Is ‘Water Machine’ Preventing More Flood Disasters in Bangladesh?
The study contradicts the idea that we should use less groundwater
Written by Rezwan at GlobalVoices.org: Being a riverine country, Bangladesh is prone to floods every year, and a large portion of the country goes under water during the monsoon season. The effects of the ongoing La Niña climate event have triggered excess monsoon rains in the South Asia region, which includes Bangladesh. In mid-2022, rapid floods inundated three districts of Bangladesh due to the record rainfall in the bordering Indian states of Meghalaya and Assam, affecting 4 million people.
A recent study in the journal Science by a group of researchers from the University College London, the University of Dhaka, and Bangladesh University of Engineering and Technology (BUET), and others shows that pumping groundwater to irrigate agricultural lands in Bangladesh can create the available subsurface storage for excess floodwater to be stored during the next monsoon. The research, aptly titled “The Bengal Water Machine,” reveals that millions of small farmers irrigate rice paddies during the dry season, pumping from the ground, lowering the groundwater level, which, under favorable conditions, amplifies groundwater replenishment during the subsequent monsoon and helps reduce flooding.
Science Magazine tweeted: “New in Science: Seasonal monsoon rainfall replenishes groundwater reserves in the Bengal basin of Bangladesh thanks to the region’s seemingly counterintuitive intensive dry-season irrigation practices.”
The research used millions of groundwater measurements between 1988 and 2018 from 465 sites across Bangladesh estimating how much groundwater was pumped by more than 16 million farmers using more than 1 million diesel and electric pumps. And the rate of depletion is not uniform — some groundwater was refilled during the monsoon season and some were not. However, this space allowed the replenishment of more than 20 trillion gallons of water over the last 30 years.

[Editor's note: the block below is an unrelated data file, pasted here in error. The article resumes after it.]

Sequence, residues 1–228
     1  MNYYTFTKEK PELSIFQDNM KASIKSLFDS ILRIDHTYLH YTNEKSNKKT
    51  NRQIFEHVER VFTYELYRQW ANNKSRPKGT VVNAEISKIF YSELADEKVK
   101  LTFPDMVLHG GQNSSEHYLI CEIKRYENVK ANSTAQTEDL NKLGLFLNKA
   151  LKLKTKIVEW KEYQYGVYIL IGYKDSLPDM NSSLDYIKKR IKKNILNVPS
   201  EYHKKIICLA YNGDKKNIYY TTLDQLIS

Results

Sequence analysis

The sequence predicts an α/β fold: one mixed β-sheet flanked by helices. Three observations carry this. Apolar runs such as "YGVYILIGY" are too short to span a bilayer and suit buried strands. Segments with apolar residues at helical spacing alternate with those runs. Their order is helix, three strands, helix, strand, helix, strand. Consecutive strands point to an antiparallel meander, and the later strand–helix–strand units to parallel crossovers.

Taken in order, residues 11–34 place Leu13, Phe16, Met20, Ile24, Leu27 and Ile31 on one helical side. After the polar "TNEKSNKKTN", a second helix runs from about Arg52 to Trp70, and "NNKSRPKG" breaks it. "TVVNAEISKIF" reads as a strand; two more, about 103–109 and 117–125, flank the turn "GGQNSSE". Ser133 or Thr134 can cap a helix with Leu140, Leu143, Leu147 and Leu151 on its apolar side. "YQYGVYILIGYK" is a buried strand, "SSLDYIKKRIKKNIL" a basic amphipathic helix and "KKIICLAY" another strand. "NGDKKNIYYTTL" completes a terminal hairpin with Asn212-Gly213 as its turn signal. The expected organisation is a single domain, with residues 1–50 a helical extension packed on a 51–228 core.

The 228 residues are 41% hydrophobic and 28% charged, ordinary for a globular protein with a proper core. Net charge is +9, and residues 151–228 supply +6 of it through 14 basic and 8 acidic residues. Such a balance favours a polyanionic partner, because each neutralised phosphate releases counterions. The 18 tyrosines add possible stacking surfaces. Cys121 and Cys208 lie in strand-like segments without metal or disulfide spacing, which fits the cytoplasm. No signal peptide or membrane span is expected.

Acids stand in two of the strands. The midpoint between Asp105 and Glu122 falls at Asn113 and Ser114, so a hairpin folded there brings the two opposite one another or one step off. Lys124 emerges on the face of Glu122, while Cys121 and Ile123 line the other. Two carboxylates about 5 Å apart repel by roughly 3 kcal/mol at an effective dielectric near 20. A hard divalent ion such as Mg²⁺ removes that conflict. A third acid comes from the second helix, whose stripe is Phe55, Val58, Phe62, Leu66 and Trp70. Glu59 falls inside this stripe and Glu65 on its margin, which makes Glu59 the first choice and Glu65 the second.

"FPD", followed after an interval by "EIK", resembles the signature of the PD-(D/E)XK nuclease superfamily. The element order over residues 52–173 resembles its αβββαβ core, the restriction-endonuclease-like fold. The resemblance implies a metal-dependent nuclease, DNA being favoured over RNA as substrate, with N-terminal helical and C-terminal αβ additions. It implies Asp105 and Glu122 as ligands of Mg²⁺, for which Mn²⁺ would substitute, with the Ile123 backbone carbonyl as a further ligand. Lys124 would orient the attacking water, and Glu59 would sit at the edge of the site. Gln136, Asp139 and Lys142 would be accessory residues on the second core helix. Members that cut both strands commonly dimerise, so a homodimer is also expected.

According to geoscientist and member of the study Mohammad Shamsudduha, farmers didn’t know about this so “no one really intended this to happen.”
Aditi Mukherji, Principal Researcher at the International Water Management Institute in India thinks that farmers in South Asia could see the dual benefits of increased food production and flood protection from more irrigation.
Farmers, especially the rice growers are usually blamed for overexploiting groundwater resources, however, research has indicated that other reasons such as low flows in rivers, reductions in wetland areas, and declines in rainfall play a role. To address overpumping concerns, the Bangladeshi government introduced restrictions on groundwater pumping and is pushing to replace 400,000 diesel-run pumps with solar pumps.
Readers in Bangladesh are also confused. On the Facebook Page Engineer’s Diary, Atikur Rahman Atik, a student comments on the study: “I have read so far everywhere on TV, newspapers that we need to reduce the use of underground water. The groundwater level is depleting fast. This article tells the opposite – to use groundwater more. So which one should we follow?”
Another user Ishrat Jahan replies to Atik: It should actually apply specifically to flood-affected areas. Overall, it is advisable to use groundwater less. Although I haven’t read the paper yet, this theory is completely absurd as one of the main causes of floods in Bangladesh — a dangerous one – is “flashflood”.
Another user Mohammad Asadullah comments: Due to the pumping of groundwater for irrigation during winter, our edible water tube wells run dry. Those who live in the village face much trouble.
Although the study shows the use of groundwater as favorable, it is not a good practice as rainfall is not at the same level in every Bangladeshi region and the replenishment of groundwater depends on that. When there is a case for it going into groundwater, it just moderates the flood; it doesn’t avert it. The research showed that, if not absorbed into groundwater stores, the excess water would have flooded the land and made its way to the Bay of Bengal eventually.
FEATURED VIDEO: Stagnant floodwater to underground water
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